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THE INNER-CITY NEWS - July 17, 2019 - July 23, 2019 Con’t from page 04

Leng Ekes

the town or too optimistic about the town.” One instance when council members criticized Leng for being optimistic took place in April. A few hours before a contested meeting in which the council was supposed to divert funds budgeted for the pension to pay for the Fire Department and for utility bills, Leng said on WTNH that “our overall budget’s sound. We do not have a bill problem, and, uh, we’re in pretty good shape.” Council members criticized him for painting such a rosy picture when accounts were going over budget. “Why are we being asked to underfund the pension if there is no problem?” Majority Leader Cory O’Brien asked. Council members, including Garrett, have also criticized him for “inflated” or overly “optimistic” revenue projections in the budgets he has crafted. Leng told the Independent that if he serves a third term, he will focus on expanding community policing, increasing economic development in Hamden, and securing more funding from the state. Garrett said that if elected mayor, she would focus on economic development in southern Hamden, specifically in Census Tract 1655, which stretches from Hamden’s southern border up to Putnam Avenue along Dixwell Avenue, and which is a Designated Opportunity Zone. For some delegates, the choice came down to experience. “It was an experience thing for me,” said DTC Secretary Kyle Blake. “I don’t think Lauren has the experience to do the job yet — especially the budget,” though she added that “there are a lot of things that I agree with Lauren on.” As Council President Mick McGarry put it in his speech to nominate Leng for the party’s endorsement, “He has had almost every position of trust and responsibility this town has to offer.” Even if flying monkeys were to descend on Hamden, he added, Leng would be prepared. Others, however, said they believe in Garrett’s promise. “She has put a focus on transparency of our finances,” said Sixth-District Delegate Patrick Johnson, explaining why he had voted for her. “She wants to go out and fight for everyday people.” Though committee members were divided over who should be mayor, and over atlarge council positions and Board of Education nominations, there was one thing they could all agree on: Town Clerk Vera Morrison. And she has had enough of the division. After securing the nomination unopposed, she went to the podium to give a speech based on the wisdom of her 24 years in office. “Certain things have happened in the last two years…” she began. “I guess the incivility of the last two years has bothered me the most. I sit as the monkey in the middle,” she added, and watch as the council and the mayor fight. “Please, guys, let’s get along.” As she left the mic to sit down, every delegate in the room stood to applaud her.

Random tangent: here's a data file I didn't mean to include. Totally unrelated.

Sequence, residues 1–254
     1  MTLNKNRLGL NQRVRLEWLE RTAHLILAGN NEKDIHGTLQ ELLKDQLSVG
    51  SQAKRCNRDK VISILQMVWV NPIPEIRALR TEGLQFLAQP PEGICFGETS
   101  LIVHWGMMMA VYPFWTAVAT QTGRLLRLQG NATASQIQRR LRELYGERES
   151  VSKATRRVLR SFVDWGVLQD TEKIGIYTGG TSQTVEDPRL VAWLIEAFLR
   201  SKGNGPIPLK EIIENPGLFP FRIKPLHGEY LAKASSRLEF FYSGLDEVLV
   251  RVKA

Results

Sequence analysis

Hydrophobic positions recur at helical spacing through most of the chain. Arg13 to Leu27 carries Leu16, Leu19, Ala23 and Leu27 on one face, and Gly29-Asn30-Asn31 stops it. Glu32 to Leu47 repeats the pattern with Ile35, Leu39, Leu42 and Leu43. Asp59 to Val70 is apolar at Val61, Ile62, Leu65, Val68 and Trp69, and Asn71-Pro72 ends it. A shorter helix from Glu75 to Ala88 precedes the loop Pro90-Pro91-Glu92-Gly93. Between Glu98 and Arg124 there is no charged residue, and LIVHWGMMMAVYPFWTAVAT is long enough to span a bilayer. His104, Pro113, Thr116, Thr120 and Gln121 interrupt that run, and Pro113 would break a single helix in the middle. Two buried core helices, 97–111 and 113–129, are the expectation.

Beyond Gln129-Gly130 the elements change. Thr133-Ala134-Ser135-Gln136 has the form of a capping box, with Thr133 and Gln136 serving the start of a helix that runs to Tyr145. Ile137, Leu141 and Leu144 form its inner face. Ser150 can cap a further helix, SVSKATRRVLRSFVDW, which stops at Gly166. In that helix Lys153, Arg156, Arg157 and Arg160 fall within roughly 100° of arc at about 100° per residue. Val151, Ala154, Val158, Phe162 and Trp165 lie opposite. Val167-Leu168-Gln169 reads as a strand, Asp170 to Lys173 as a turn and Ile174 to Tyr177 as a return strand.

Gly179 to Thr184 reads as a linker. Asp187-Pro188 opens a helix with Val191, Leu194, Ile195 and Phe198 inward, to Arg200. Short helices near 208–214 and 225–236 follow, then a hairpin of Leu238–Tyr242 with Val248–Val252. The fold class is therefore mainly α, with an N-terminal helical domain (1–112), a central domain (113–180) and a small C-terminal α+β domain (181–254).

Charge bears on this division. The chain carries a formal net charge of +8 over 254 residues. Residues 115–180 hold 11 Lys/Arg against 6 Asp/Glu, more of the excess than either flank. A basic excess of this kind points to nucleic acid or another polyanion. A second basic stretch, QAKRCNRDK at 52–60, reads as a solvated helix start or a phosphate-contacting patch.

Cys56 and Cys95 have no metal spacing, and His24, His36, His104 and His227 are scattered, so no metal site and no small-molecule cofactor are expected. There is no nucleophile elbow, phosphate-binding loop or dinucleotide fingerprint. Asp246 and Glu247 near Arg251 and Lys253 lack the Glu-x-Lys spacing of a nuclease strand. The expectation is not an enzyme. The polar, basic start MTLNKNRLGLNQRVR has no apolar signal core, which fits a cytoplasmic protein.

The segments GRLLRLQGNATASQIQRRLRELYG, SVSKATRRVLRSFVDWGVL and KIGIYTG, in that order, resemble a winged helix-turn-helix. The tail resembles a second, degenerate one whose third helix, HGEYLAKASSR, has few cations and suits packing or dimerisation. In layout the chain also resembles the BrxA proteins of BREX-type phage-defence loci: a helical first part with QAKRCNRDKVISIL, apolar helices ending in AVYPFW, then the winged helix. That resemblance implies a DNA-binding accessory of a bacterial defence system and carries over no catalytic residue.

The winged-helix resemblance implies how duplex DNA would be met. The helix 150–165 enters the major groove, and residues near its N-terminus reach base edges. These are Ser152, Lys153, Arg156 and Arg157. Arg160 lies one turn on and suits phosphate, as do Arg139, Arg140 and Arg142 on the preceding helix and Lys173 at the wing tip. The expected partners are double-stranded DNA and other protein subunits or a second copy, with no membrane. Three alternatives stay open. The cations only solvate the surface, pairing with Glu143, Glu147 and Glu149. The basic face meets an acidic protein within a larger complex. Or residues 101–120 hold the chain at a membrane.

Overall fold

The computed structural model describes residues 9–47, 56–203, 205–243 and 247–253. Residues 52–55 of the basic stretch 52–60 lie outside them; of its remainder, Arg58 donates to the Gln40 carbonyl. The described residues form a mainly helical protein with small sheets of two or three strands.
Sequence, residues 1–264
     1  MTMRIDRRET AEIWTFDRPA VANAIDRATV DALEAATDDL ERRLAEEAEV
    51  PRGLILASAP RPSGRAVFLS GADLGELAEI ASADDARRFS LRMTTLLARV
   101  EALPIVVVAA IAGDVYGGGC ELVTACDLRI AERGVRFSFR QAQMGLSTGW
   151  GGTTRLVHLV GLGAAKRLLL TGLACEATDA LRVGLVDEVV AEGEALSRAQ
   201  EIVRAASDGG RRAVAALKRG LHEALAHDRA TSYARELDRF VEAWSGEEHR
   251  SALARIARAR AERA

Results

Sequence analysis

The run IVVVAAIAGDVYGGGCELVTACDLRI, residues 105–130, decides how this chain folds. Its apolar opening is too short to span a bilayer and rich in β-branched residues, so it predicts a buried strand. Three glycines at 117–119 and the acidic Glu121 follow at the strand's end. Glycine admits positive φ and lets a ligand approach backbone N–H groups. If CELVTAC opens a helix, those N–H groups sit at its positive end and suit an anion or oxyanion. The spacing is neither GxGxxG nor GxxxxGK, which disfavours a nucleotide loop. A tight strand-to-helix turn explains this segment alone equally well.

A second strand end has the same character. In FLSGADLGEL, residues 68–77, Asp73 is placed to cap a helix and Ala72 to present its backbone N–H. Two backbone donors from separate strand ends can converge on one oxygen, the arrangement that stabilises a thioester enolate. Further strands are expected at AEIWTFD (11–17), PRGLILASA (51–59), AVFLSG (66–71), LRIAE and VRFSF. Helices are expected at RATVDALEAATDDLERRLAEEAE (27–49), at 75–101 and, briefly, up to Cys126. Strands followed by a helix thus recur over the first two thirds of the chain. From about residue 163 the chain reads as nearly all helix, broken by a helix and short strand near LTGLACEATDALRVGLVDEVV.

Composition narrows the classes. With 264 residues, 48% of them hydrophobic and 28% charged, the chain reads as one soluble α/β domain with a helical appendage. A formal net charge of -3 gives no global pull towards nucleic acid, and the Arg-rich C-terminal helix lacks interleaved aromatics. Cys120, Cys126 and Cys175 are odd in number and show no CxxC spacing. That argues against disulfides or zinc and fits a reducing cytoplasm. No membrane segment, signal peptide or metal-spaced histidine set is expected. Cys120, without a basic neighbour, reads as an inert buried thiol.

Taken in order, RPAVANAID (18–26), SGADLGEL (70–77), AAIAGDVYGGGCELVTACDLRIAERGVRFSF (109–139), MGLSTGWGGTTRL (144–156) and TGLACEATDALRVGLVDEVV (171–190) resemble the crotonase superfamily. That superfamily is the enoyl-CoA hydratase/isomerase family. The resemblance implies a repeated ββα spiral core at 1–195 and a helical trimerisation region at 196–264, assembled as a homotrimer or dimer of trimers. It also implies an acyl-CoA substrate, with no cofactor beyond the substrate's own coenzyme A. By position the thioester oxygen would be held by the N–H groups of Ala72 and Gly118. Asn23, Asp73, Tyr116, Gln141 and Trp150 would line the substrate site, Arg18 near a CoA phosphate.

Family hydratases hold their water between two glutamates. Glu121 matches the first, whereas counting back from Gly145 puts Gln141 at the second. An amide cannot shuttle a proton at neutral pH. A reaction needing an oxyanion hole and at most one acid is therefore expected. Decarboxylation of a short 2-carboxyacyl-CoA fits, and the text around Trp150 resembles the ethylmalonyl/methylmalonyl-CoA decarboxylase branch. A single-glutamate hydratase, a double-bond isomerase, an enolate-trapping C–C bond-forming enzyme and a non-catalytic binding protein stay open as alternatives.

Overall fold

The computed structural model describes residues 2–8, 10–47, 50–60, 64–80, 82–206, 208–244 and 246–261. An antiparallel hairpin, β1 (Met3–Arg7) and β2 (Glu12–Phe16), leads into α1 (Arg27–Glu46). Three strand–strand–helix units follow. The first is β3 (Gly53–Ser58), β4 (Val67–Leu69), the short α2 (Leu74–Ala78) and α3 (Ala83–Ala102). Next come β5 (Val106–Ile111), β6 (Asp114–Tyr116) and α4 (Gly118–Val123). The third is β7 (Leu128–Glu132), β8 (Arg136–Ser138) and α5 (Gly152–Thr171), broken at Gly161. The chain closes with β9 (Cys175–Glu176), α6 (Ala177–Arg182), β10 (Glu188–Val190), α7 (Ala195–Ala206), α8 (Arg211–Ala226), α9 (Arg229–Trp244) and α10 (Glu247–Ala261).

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INNER-CITY NEWS  

JULY 17, 2019

INNER-CITY NEWS  

JULY 17, 2019